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Fresh hot peppers, vinegar and salt are the foundation of a hot sauce.  In some regions bottled varieties abound.  Three editors from Country Roads Magazine conducting a subjective and entertaining comparison taste test of them claim that even a small Louisiana grocery store will have more varieties of hot sauce on its shelves than ketchup.  (Their findings are here in an enjoyable online article.)

The ingredient list being such a modest one and the process not too arduous, hot sauce lovers may want to try developing their own home brand.  According to one of those hot-sauce-sampling editors. Mary Rochon of New Iberia, Louisiana has been making hers for years, following this simple formula:

“Step one—grow some Tabasco peppers and pick them when they’re red. With batches of a quart of peppers and about a cup and a half of salt, gradually fill a one-gallon jug all the way to the top. Add even more salt to the gallon jug before sealing it, and set the timer for six years for fermentation. (Flash forward six years.) Using a mash strainer, separate the pepper juice from the solids. Be sure to hang on to the excess solids, or mash as it’s called. (Rochon uses the mash as seasoning when boiling seafood. “We never wasted anything growing up.”) To the pepper juice, add vinegar to your own personal taste for thickness and consistency. Finally, if you ever want to step foot in your house again, be sure to take the vinegar and pepper concoction outdoors for boiling. After about five minutes of boiling, you’re ready to start bottling. Enjoy!”

Kitchen Gardeners International  offers a shorter alternative.  Their method uses any hot peppers you like, requires a fermentation period of only one month and will provision your kitchen with homemade hot sauce until the six-year vintage has matured.

Avocado and Papaya Salad with Louisiana Hot Sauce Marinade (for 8 people)

Note: To print this recipe, or any other diplomatickitchen recipe, go to the bottom of the page, at the end of the post, and click on the icon: Print & PDF. You will have the option of printing in smaller text size and without photos.

A Timing Note:  The papaya and the avocado may be cut and cubed several hours in advance.  Place them in separate containers.  Mix the avocado with the juice of 1 of the limes, as indicated in the recipe below.  Place a sheet of plastic wrap directly on the avocado cubes to seal out air.  Cover both containers and refrigerate until time to make the salad.  Mix the salad and add the marinade just before serving.


  • 4 cups of Papaya, seeded, peeled and cubed
  • 2 fresh Limes
  • 4 Avocados, pitted, peeled and cubed and sprinkled with the juice of one of the Limes to prevent discoloration
  • 1 cup of Cherry Tomatoes (or about 1 small box), each cut into quarters
  • 4 Green Onions, white and green parts, chopped
  • about 1/8 cup of fresh Cilantro (aka fresh Coriander), chopped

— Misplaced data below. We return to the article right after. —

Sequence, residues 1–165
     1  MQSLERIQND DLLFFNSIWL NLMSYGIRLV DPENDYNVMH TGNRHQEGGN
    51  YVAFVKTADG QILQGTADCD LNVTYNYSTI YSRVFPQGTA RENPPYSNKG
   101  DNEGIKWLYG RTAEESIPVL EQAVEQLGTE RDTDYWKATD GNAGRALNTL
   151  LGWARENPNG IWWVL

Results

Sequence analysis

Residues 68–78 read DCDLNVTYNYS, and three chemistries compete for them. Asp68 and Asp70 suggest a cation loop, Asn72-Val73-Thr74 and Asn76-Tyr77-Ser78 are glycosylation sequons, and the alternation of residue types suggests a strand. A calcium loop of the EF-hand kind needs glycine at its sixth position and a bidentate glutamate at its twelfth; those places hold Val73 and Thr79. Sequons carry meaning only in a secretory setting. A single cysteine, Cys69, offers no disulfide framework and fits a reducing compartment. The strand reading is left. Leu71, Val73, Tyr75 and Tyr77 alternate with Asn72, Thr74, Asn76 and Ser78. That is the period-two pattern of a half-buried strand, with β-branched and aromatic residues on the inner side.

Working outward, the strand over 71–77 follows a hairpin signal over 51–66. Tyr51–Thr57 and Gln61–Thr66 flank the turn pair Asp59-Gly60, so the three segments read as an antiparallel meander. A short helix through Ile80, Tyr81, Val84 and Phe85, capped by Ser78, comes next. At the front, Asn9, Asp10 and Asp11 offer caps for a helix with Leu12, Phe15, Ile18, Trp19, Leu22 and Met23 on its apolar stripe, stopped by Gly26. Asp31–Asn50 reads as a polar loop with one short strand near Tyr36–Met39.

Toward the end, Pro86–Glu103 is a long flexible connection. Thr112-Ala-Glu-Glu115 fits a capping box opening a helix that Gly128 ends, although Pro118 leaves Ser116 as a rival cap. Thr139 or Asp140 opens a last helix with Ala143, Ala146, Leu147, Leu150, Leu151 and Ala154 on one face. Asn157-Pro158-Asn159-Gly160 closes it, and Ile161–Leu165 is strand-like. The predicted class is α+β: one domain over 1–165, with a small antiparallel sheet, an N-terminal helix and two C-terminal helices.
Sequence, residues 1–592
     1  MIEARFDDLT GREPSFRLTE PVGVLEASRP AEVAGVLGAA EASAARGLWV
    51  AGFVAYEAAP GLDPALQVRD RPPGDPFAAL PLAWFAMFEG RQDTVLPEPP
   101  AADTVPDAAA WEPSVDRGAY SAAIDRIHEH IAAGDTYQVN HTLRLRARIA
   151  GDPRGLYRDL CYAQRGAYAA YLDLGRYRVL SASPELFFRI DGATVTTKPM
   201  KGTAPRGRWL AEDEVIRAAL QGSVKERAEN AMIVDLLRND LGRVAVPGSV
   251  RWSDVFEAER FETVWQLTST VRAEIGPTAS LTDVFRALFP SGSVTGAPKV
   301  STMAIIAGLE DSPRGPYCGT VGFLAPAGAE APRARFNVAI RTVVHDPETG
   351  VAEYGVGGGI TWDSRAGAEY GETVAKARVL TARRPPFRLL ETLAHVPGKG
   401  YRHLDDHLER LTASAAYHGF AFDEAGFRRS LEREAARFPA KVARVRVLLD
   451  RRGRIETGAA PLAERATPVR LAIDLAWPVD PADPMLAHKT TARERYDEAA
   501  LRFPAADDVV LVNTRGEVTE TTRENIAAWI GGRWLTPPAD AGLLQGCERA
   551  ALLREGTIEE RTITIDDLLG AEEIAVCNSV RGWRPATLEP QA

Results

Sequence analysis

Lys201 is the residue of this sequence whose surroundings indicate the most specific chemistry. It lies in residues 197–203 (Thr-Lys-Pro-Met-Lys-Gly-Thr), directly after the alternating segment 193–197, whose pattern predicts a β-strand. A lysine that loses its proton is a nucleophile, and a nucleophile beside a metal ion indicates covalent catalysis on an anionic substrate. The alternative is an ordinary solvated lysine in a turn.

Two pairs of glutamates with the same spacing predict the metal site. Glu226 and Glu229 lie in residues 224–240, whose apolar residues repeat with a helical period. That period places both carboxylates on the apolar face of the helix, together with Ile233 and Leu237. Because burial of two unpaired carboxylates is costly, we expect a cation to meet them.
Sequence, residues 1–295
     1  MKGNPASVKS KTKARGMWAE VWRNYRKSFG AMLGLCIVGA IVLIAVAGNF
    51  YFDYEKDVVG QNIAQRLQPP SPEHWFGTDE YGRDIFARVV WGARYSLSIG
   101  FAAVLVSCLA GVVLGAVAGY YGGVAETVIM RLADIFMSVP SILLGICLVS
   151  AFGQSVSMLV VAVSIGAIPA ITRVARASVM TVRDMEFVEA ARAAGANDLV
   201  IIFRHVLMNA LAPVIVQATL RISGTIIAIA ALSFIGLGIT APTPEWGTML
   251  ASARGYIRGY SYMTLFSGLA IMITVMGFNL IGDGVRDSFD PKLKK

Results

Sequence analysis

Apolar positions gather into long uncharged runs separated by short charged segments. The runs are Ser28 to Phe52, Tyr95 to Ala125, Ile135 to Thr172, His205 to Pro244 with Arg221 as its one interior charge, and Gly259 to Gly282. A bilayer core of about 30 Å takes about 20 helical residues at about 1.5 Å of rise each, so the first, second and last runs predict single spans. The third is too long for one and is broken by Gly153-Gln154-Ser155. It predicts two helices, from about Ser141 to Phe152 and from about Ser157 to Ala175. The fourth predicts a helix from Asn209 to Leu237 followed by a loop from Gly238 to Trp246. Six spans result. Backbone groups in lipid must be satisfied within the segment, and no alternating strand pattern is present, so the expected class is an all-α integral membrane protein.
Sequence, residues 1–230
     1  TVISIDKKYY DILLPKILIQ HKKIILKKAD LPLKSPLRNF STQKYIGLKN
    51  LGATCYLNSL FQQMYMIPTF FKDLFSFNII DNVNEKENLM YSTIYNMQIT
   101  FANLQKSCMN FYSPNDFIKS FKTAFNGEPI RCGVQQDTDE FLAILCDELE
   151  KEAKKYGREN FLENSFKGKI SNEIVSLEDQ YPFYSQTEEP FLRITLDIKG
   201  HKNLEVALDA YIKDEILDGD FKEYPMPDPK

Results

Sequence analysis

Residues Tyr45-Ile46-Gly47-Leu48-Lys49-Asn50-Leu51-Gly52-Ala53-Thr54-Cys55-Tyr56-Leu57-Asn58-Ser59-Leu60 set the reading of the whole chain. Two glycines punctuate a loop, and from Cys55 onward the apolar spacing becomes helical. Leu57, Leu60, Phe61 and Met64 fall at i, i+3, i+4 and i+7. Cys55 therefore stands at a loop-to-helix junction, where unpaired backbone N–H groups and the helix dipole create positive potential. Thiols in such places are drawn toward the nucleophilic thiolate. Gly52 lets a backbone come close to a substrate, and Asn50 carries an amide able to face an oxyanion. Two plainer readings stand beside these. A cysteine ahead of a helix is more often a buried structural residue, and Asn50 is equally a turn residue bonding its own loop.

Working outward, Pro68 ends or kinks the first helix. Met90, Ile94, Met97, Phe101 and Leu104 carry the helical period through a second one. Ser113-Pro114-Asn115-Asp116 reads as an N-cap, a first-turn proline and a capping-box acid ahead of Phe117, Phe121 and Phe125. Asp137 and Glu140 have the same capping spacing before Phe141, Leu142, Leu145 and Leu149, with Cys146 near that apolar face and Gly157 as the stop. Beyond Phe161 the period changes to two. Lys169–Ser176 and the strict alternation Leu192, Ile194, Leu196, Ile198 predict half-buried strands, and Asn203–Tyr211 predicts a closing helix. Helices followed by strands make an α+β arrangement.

• any brand of Hot Sauce: for example, Crystal or Tabasco or your own homemade sauce
  • a few handfuls of Arugula (aka Roquette) or substitute any lettuce you like:  enough to provide a bed for the salad on each plate


  • a large Bowl in which to mix the Salad

1.  In the large bowl, add the papaya, the lime-juice-sprinkled avocado cubes, and the quartered cherry tomatoes.  Squeeze all or part of the juice of the second lime over the fruits.  (A suggestion:  squeeze half of the lime over them.  Mix in the rest of the ingredients and add more juice after tasting the salad.)

2.  Add the green onions and cilantro to the salad and 8 drops of hot sauce–one for each plate of salad.  Mix everything together gently.  (Very ripe papayas are delicious but not sturdy.  The same is true of some varieties of avocados.)

3.  Taste and add additional drops of hot sauce and lime juice for a stronger flavour if you like.

4.  Arrange a small bed of arugula leaves (or leaves of any other lettuce) on each plate and place some of the salad on the lettuce.

A Note:  The Salad Course in the Dinner ‘Louisianne’ Menu is Avocado and Papaya Salad with Louisiana Hot Sauce Marinade.

A Second Note:  Kitchen Garderners International is an excellent online resource for the aspiring gardener.  The site’s goal is to help people learn how to grow and process their own food.  Country Roads describes itself as “a cultural reporting publication focusing on the communities of the Great River Road region between Natchez, Mississippi, and New Orleans, Louisiana”.  The online version is a light, diverting read.

An Invitation: You are invited to request suggestions from the diplomatickitchen for your own menus for any occasion by clicking on the feature ‘Ask and Tell’ here or in the Menu at the top of the page. Do you have a menu concept with a gap or two that wants filling…or perhaps you are an expat looking for ways to adapt your recipes to what is available in your temporary home…maybe you are just looking for a new way to use a familiar ingredient or would like suggestions on how to adjust quantities of a recipe from the diplomatickitchen for smaller or larger groups…Replies will be published in ‘Ask and Tell’ or sent by email if you prefer.

© Elizabeth Laeuchli, the diplomatickitchen, 2011-2012